Dr. Shah: In addition to looking at the marketplace in the region, it is also important to talk to the people in the community about whether PE firms have entered or are considering entering the marketplace.
The most important thing for the fellow to consider in terms of contracting is the restrictive covenant. If the practice is sold to a PE firm, the restrictive covenant may not be applicable to them. Most PE firms, if they have done their due diligence, won’t want younger associates and/or partners to leave the practice, because those doctors are typically the backbone of the practice, and PE firms would not want the practice to face economic losses after they have purchased it.
Dr. Su: How will this trend play out? Is PE here to stay?
Dr. Vander: This feels like déjà vu all over again. This is at least the third wave of serious anxiety over outside entities taking over retina practices in the past 25 years. Each time, the sky was most certainly falling, but after a few years, the process played out with business as usual. Could this time be different, and could there be long-term structural changes across the country? Yes, of course. But, ultimately, I think the music will stop playing, PE will drift away to the next fashionable destination, and we will return to a more familiar environment.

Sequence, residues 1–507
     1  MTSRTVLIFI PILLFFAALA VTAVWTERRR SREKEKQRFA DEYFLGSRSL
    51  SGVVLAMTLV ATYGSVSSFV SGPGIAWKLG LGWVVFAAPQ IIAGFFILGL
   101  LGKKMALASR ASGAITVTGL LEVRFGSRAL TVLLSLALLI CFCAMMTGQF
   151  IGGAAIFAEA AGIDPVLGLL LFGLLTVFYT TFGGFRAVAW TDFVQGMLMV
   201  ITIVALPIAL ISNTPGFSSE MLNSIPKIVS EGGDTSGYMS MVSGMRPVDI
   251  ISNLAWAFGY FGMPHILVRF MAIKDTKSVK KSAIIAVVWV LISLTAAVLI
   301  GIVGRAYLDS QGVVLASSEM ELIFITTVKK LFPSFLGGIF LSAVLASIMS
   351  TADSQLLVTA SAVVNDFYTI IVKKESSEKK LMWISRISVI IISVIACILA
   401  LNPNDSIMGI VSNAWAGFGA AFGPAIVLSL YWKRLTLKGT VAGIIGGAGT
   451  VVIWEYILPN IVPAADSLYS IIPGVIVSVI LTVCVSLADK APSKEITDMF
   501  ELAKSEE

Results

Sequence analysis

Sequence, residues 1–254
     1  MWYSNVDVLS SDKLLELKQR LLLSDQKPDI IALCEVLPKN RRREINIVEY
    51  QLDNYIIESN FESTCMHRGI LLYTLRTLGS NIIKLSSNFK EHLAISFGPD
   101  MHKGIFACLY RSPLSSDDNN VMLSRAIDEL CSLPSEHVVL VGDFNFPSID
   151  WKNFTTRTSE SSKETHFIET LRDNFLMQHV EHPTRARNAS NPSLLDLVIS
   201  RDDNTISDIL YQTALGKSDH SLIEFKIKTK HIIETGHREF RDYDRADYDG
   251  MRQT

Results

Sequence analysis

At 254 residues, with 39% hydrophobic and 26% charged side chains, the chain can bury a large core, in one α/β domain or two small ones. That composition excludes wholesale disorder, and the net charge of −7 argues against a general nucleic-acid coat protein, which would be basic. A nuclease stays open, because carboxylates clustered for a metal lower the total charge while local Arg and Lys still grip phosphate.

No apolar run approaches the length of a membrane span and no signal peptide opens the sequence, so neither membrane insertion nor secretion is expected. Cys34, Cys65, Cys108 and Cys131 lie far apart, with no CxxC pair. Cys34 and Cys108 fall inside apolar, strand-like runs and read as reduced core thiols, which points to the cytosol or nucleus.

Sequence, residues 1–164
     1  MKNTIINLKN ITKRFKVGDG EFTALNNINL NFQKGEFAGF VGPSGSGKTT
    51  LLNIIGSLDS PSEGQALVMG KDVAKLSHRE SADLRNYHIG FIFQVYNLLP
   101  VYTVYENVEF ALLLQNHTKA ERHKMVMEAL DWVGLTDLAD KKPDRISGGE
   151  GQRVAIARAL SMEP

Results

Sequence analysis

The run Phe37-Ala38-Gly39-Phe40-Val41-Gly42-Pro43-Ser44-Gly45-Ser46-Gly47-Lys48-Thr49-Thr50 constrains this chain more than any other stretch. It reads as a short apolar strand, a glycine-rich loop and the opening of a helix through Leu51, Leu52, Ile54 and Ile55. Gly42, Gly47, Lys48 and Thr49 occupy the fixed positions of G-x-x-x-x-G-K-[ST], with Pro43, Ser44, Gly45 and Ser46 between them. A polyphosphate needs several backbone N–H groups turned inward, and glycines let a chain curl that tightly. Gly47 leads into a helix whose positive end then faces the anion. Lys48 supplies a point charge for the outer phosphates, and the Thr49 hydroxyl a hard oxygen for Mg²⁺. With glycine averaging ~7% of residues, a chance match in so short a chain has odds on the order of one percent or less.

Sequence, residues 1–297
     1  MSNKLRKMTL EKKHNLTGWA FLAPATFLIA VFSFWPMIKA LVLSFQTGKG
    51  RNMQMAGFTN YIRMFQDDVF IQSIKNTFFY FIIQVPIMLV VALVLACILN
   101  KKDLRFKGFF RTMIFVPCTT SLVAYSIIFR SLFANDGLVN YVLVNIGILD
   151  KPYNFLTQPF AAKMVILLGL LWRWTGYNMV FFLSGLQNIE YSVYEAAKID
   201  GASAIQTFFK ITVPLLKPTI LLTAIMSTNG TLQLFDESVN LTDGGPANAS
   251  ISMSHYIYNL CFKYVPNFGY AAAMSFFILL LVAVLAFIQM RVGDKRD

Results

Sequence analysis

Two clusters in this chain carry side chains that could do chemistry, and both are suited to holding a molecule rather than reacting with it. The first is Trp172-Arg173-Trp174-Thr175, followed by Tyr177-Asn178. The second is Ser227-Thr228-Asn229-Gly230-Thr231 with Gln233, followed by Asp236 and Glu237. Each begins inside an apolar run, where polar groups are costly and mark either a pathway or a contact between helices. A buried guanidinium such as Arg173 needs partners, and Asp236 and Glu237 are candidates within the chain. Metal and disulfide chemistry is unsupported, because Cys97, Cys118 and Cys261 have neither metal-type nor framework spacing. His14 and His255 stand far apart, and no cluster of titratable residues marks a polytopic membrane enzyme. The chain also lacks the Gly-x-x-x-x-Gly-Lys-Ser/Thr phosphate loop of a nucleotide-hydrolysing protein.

Dr. Shah: I think that the current health care environment is conducive to the PE market, but PE firms still face challenges. There is certainly a good chance of PE firms continuing on in some fashion because they bring in better integration of health care services and better electronic health record systems that allow closer integration of large health care groups. Whether this trend will continue or not will depend on the marketplace in a given location. There may be some areas in which PE firms cannot get much of a foothold and others in which PE will take hold and become an important player.
Section Editor Daniel Su, MD
• Second-year Vitreoretinal Surgery Fellow, Wills Eye Hospital, Philadelphia
• Financial disclosure: None
Guarav K. Shah, MD
• Co-director, Retina Fellowship, The Retina Institute, St. Louis
• Financial disclosure: None acknowledged
James F. Vander, MD
• President, Mid Atlantic Retina, Philadelphia, Pennsylvania
• Clinical Professor of Ophthalmology, Thomas Jefferson University, Philadelphia
• Financial disclosure: None acknowledged